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Irradiation-induced protein inactivation reveals Golgi enzyme cycling to cell periphery.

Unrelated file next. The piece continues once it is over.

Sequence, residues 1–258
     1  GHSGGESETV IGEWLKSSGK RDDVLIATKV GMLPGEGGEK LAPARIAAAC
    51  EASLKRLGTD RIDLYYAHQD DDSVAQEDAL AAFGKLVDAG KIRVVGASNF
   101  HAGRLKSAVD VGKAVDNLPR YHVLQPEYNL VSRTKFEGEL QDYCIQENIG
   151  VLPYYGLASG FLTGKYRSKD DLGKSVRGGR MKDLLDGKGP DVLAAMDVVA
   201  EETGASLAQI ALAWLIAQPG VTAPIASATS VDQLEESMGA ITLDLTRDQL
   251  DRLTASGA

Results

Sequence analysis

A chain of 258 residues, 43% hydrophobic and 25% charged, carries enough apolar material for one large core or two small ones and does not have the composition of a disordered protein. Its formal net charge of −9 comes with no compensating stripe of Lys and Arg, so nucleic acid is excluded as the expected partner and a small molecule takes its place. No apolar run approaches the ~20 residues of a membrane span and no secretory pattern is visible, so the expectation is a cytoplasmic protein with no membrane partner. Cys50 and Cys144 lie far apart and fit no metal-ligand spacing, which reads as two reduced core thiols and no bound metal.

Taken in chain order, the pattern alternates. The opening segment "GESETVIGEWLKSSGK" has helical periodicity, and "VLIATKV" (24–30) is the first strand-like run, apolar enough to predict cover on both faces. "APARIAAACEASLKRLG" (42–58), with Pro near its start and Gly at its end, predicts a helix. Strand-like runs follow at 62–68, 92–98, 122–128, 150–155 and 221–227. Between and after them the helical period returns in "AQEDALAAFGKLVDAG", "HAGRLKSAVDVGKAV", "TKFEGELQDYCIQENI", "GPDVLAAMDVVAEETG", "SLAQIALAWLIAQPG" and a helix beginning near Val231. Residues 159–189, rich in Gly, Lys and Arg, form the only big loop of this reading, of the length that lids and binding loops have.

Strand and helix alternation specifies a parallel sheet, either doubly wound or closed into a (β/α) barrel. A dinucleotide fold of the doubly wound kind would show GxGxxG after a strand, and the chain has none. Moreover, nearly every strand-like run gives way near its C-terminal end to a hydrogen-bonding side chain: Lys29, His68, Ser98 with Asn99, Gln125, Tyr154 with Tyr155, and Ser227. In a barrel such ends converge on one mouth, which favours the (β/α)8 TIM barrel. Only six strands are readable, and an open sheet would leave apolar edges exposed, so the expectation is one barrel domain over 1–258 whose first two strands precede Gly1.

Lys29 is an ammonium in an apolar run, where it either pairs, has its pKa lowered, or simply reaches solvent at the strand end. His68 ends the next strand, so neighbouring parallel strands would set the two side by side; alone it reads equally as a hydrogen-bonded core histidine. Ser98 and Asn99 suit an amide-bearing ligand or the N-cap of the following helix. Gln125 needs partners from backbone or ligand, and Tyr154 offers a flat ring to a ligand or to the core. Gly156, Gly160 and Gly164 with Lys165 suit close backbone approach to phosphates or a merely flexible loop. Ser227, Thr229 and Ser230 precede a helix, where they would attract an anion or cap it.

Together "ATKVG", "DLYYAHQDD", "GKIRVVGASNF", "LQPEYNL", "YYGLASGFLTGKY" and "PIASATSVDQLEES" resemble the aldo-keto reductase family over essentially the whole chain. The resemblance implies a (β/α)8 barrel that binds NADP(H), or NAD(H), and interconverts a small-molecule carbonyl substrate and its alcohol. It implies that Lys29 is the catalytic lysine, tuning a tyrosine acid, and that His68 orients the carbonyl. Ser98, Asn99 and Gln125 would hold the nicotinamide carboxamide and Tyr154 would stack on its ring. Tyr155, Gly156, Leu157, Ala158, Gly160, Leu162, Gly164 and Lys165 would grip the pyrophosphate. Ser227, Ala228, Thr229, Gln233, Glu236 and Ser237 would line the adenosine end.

Acute inhibition is a powerful technique to test proteins for direct roles and order their activities in a pathway, but as a general gene-based strategy, it is mostly unavailable in mammalian systems. As a consequence, the precise roles of proteins in membrane trafficking have been difficult to assess in vivo. Here we used a strategy based on a genetically encoded fluorescent protein that generates highly localized and damaging reactive oxygen species to rapidly inactivate exit from the endoplasmic reticulum (ER) during live-cell imaging and address the long-standing question of whether the integrity of the Golgi complex depends on constant input from the ER. Light-induced blockade of ER exit immediately perturbed Golgi membranes, and surprisingly, revealed that cis-Golgi-resident proteins continuously cycle to peripheral ER-Golgi intermediate compartment (ERGIC) membranes and depend on ER exit for their return to the Golgi. These experiments demonstrate that ER exit and extensive cycling of cis-Golgi components to the cell periphery sustain the mammalian Golgi complex.